• lintian/linda checks?
  • Better list of packages awaiting sponsors, with info including:
    • does the package fixes bugs (number of bugs fixed per severity)?
    • is that package already in Debian?
    • is that package a new upstream version?
    • popcon score
    • how long has the package been waiting?

    This would allow potential sponsors to prioritize requests.

  • A commenting system, for each package, so comments for rejected packages are not lost, and the next potential sponsor can double-check
  • A way for sponsors to mark some sponsorees as “friends”, so it’s easy to find all the requests from people I “trust” (for some definitions of “trust” ;)
  • Maybe, a scoring system, where providing good comments on other’s packages would make you win “karma points”, and improve your classification, which could later be used by sponsors to choose what they are going to sponsor next.

The good thing with this whole list of features is that everybody can help. So, if you are looking for a sponsor and want to help solve this problem, start coding now ;) And if you need me to create, just ping me. There’s probably some code to steal from, so contacting its developers would be a good idea.

Re: Giving credit where due?

Christian Perrier is wondering why the official announcement about the Gutsy release does not even contain the word “Debian”.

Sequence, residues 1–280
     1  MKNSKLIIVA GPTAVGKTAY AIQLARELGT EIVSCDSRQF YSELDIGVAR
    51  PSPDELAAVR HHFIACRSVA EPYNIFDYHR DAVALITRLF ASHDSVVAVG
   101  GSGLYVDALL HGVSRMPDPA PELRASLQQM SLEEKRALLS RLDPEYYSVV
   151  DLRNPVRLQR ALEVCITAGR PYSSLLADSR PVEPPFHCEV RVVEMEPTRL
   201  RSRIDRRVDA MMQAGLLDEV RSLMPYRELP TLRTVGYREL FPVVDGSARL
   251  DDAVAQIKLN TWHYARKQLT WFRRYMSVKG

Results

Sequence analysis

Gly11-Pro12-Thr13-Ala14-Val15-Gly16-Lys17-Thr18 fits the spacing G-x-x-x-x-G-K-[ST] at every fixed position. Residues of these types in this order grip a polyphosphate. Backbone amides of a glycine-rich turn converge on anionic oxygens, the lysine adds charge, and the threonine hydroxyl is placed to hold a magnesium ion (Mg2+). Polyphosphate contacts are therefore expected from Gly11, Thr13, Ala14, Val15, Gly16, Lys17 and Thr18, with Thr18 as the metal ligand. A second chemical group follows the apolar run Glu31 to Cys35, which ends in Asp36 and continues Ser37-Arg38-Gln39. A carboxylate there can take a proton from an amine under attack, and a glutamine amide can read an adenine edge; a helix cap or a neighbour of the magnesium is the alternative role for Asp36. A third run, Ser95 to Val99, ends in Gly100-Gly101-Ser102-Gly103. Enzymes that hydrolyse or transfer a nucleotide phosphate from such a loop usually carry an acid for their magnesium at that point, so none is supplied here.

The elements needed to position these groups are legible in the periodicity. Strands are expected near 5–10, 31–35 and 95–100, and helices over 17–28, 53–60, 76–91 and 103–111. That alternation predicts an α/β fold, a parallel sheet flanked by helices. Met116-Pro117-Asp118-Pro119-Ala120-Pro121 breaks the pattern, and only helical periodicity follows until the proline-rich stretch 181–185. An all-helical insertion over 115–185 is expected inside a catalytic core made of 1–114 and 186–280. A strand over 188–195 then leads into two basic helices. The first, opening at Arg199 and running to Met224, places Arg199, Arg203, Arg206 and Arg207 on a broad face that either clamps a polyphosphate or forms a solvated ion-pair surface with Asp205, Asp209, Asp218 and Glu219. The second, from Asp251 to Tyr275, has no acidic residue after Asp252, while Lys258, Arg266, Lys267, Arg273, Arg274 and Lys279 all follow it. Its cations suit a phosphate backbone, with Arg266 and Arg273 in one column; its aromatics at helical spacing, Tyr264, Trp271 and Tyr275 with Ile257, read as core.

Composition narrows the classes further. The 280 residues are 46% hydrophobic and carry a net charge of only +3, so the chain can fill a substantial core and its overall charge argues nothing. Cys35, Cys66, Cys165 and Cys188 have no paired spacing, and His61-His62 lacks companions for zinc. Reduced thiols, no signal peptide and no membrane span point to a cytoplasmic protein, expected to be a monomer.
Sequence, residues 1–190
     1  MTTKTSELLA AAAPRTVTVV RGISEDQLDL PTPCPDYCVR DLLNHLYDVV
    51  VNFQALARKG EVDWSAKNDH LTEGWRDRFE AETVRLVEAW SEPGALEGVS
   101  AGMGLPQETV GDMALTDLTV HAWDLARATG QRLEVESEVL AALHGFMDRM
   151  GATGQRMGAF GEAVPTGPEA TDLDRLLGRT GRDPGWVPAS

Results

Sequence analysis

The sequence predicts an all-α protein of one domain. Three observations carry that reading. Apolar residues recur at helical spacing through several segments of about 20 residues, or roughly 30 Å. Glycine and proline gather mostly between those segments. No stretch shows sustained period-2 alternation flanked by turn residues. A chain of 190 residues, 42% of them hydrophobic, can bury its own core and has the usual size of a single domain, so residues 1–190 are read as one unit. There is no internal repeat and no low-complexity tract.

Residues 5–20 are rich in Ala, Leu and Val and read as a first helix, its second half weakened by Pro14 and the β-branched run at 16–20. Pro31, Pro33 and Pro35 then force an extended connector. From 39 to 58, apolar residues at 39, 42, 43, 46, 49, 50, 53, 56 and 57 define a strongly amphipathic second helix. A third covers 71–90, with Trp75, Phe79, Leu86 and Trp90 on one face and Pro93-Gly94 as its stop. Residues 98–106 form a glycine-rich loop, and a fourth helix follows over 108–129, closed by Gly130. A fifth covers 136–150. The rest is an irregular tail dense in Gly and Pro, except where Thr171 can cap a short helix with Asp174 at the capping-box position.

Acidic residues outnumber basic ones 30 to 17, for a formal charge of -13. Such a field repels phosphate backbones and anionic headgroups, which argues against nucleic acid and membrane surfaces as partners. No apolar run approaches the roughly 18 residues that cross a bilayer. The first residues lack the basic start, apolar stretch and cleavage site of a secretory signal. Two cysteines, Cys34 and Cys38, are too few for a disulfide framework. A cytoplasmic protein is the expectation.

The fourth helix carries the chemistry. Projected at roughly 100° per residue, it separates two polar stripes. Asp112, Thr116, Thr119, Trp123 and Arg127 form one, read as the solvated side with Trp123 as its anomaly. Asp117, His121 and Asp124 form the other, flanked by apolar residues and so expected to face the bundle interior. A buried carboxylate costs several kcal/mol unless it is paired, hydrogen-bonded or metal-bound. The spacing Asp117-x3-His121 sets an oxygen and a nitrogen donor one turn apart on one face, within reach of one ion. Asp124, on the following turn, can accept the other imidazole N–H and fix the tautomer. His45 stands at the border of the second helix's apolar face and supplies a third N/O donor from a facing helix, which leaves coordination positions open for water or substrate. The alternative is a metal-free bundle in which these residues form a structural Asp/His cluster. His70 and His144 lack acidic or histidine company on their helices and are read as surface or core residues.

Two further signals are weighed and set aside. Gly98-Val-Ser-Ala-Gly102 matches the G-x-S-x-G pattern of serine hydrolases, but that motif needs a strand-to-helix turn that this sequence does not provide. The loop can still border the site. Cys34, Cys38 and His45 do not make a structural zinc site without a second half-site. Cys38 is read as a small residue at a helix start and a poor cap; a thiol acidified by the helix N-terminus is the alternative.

It’s not new: Debian is virtually nonexistent in Ubuntu’s communication. It seems that the last Ubuntu release to acknowledge its Debian origins was Dapper (June 2006), maybe because that was the “Long Term Support” release.

The fact that there’s no “Ubuntu is based on Debian” paragraph on was raised during Debconf, and it was supposed to get fixed, but it seems that it didn’t happen for some reason (there was such a paragraph before the website redesign).

In other news, I’ve been trying to install Ubuntu Gutsy inside qemu, but it fails miserably while booting the installer. I removed the “quiet” and “splash” options from the kernel cmdline, and discovered that after trying to “mount the root filesystem”, I get dropped into busybox with no error message to google for. Feisty fails as well, but Dapper boots fine. So much for the Ubuntu is an ancient African word, meaning “I can’t install Debian” joke!

Selling Debian tasks

In a lot of talks or blog posts (like Sam’s talk at RMLL, or Raphaël’s blog posts – both in french), people have been talking about what people could do inside Debian, and how it would help Debian.

That doesn’t sound like the best approach to me. When describing tasks with the objective of getting potential contributors to pick them up, we should try to make them sexy, to tell users what is exciting about them, what they will learn doing those tasks, where satisfaction will come from. We really need to sell them better.

Of course, some Debian tasks are mainly grunt work. And for some of them, people just do them because someone has to do them. But I believe that most tasks inside Debian are actually more interesting than outsiders would expect. For example, I would be very interested in reading why an i18n expert (hint: Christian!) finds i18n sexy … and I should probably try to write about QA myself.